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Garapito Canyon Trail, CA
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Overview
A single track trail between Eagle Rock and near the North end of the Fire Road #30 (the Temescal Ridge Fire Road). Many of the trails in the area are big wide open fire roads with lots of hikers and mountain bikers. This one is a very pleasant and shady walk through the chaparral that goes down into a pretty canyon and back up the other side. The only real trick to this one is getting to it as it does not start near a trailhead.

Trailhead
The nearest trailhead is the Marvin Braude Mulholland State Park at the South end of Reseda Boulevard in Tarzana which has ample parking. From there you have to hike about a mile in to get to the Northern end of the Garapito Trail on the Temescal Ridge Fire Road. From the trailhead hike up to dirt Mulholland Drive, then either turn right and continue for a quarter mile to the fire road, or turn left and take Mulholland downhill for a half mile and then turn right onto the Bent Arrow Trail which ends at the fire road at the North end of the Garapito Canyon trail. The other option is to take the Temescal Ridge Fire Road to Eagle Rock via the Hub Junction which is about a 4 mile hike and gets you to the South end of the Garapito Canyon Trail which you can take back to make a nice loop.


Hike
I hiked Garapito Canyon Trail from South to North starting at Eagle Rock. After 4 miles of fire road reflecting heat back up at me and mountain bikers flying past I really appreciated hiking on a single track trail. The sign marking the Garapito Trail on the Eagle Rock Fire Road says no bicycles, which makes sense because they'd be a real hazard on a narrow trail. I have to say that I saw more tire tracks than footprints on Garapito, but I didn't see any hikers or bikers.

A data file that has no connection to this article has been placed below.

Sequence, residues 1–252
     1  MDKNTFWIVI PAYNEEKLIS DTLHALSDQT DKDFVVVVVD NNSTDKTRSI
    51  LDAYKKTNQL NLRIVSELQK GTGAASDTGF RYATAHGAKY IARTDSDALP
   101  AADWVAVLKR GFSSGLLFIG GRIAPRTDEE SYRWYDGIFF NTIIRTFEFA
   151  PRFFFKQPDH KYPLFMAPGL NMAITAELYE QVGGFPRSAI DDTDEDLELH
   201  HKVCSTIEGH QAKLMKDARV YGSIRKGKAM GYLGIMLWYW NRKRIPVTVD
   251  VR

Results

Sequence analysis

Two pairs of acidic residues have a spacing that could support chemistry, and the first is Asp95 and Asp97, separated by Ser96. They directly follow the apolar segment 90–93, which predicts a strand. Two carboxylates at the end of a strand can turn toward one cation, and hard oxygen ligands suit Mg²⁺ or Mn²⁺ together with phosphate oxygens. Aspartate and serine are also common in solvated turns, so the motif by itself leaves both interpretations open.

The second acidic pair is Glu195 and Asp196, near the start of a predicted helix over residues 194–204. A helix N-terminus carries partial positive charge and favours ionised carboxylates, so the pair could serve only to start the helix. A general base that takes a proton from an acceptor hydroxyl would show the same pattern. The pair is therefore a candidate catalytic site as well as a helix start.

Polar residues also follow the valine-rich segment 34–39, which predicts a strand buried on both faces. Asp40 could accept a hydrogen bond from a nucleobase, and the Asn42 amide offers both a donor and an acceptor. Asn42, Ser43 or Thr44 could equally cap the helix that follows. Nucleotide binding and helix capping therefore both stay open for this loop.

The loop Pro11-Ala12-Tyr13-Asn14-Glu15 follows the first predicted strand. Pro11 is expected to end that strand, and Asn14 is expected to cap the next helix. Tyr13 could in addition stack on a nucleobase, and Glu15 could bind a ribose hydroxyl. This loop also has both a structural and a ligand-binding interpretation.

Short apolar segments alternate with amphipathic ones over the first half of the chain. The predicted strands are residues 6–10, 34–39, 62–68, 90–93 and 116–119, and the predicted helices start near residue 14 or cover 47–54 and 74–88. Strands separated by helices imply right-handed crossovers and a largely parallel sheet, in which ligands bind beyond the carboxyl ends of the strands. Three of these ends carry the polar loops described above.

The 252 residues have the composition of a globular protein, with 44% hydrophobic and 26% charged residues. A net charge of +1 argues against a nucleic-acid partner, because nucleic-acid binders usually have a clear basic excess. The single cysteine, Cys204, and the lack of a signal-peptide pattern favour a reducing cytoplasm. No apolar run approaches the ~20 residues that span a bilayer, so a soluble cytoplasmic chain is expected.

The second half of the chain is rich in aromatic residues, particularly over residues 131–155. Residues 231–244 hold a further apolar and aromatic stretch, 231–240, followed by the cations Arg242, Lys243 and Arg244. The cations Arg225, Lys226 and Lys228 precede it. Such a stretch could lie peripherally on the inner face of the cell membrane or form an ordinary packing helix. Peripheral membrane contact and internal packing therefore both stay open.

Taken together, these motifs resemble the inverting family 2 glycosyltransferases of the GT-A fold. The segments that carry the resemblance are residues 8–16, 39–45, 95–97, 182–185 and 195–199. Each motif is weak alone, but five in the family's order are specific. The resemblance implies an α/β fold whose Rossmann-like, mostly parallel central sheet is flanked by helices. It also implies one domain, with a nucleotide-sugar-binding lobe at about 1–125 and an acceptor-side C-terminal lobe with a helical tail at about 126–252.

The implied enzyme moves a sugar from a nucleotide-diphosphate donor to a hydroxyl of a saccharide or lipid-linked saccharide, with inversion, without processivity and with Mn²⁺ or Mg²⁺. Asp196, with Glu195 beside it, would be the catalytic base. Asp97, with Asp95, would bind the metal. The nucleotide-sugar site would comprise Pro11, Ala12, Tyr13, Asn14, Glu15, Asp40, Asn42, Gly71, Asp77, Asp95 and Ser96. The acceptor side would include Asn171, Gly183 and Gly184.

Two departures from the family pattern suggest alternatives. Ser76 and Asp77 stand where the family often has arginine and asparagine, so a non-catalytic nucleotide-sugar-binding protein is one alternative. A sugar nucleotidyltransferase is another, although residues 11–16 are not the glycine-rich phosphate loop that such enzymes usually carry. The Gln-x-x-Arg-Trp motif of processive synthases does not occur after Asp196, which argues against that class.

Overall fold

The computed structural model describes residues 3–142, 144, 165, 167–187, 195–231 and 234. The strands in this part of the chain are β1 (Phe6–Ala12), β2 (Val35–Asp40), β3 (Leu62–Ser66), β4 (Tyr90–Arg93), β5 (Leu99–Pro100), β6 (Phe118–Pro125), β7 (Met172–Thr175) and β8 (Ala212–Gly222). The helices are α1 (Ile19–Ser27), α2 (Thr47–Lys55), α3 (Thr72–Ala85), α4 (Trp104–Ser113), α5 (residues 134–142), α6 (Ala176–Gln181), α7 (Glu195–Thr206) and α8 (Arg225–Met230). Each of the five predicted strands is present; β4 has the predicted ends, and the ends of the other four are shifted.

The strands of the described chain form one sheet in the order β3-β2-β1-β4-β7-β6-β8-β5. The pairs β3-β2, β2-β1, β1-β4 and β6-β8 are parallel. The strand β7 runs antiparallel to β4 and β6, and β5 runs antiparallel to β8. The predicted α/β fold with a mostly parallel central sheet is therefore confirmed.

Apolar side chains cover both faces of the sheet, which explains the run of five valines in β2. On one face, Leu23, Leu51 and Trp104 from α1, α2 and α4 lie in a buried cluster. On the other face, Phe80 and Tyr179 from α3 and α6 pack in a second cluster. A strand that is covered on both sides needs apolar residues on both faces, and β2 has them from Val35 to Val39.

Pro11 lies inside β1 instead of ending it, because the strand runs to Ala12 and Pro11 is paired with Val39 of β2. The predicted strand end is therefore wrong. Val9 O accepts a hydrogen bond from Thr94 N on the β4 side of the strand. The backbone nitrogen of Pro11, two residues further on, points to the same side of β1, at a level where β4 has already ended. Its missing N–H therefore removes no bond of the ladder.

From the fire road the trail starts out fairly level and traverses the North-facing ridge to the North of the fire road. The chaparral grows high along the trail and provides shade making the hike cool and pleasant. After a half mile or so the trail starts going gently downhill into the canyon. The bottom of the canyon is a little less than 2 miles from the Eagle Rock end of the trail. There is a stream bed at the bottom of the canyon which probably has water after winter rains (that is if California ever has winter rains again). There a number of large oak trees which shade the bottom of the canyon. This would be a great place to stop for a picnic lunch.

Continuing on the trail gently climbs as it follows the creek bed up the canyon towards the East. The trail passes several groves of California Sycamore trees growing in the canyon. Eventually the trail gets to the Temescal Ridge Fire Road.

There is a little more elevation gain if you take the Garapito Canyon Trail the other direction, but there are no real steep parts so it shouldn't be a problem. If you're tired of hiking on graded fire roads with mountain bikers whizzing past every few minutes then you'll like this trail.
Description 1 Triplog  0 Topics
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 Los Angeles, CA
Statistics
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Difficulty 2.5 of 5
Route Finding 1 of 5
Distance One Way 3.13 miles
Trailhead Elevation 1,636 feet
Elevation Gain 230 feet
Accumulated Gain 869 feet
Avg Time One Way 2 hours
Kokopelli Seeds 6.03
Interest Seasonal Creek
Author astrobrewer
Descriptions 1
Routes 47
Photos 219
Trips 35 map ( 265 miles )
Age
Location Phoenix, AZ
Photos
Viewed All Mine Following
6  2016-10-01
Reseda Eagle Rock Loop
astrobrewer
Historical Weather
Trailhead Forecast
Radar
Backpack   No
Preferred   Apr, Nov, Mar, Feb
Seasons   ALL
Sun  6:44am - 4:45pm
Route
 
Alternative Routes
 
Water
Nearby Hikes Area Water Sources
direct air miles away to trailhead
1.0  Vanalden Trail
2.2  San Vicente Mtn Park - Santa Monica Mtns
2.6  Parker Mesa Overlook
2.9  Musch Trail
3.2  Santa Ynez Canyon Trail
4.9  Temescal Ridge Trail
[ View More! ]